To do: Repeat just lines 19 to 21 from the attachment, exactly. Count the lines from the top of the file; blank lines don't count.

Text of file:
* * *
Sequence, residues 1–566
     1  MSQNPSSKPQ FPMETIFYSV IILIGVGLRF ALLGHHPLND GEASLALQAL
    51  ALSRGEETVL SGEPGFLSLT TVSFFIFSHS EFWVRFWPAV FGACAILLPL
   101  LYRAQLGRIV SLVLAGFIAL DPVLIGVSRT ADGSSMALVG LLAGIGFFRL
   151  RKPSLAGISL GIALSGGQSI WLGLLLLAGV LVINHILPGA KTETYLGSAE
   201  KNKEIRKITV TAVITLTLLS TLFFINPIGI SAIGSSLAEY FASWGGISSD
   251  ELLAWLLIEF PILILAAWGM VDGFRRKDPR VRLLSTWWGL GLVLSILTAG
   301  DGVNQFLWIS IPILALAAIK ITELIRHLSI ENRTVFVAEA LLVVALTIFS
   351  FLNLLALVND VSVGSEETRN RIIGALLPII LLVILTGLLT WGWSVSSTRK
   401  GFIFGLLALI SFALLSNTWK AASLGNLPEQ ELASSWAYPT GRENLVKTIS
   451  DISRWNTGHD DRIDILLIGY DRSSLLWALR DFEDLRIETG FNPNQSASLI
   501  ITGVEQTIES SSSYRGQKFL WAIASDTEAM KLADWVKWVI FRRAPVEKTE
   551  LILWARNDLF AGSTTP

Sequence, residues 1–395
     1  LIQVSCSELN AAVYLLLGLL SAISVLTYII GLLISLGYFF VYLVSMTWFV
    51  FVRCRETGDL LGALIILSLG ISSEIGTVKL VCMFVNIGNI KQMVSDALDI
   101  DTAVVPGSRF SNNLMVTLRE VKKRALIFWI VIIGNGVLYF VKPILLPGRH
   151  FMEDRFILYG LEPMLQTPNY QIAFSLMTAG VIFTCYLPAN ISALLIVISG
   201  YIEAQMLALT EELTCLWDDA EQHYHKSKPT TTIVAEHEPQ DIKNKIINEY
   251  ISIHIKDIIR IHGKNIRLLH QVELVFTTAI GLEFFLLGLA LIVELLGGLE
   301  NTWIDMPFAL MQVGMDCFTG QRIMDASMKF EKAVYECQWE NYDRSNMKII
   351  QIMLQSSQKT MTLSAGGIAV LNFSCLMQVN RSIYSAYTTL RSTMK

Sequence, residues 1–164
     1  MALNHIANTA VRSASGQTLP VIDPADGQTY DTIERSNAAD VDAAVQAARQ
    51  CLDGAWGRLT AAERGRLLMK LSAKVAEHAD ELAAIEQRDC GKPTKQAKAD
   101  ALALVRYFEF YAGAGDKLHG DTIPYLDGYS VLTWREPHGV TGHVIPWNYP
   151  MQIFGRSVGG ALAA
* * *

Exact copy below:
   201  YIEAQMLALT EELTCLWDDA EQHYHKSKPT TTIVAEHEPQ DIKNKIINEY
   251  ISIHIKDIIR IHGKNIRLLH QVELVFTTAI GLEFFLLGLA LIVELLGGLE
   301  NTWIDMPFAL MQVGMDCFTG QRIMDASMKF EKAVYECQWE NYDRSNMKII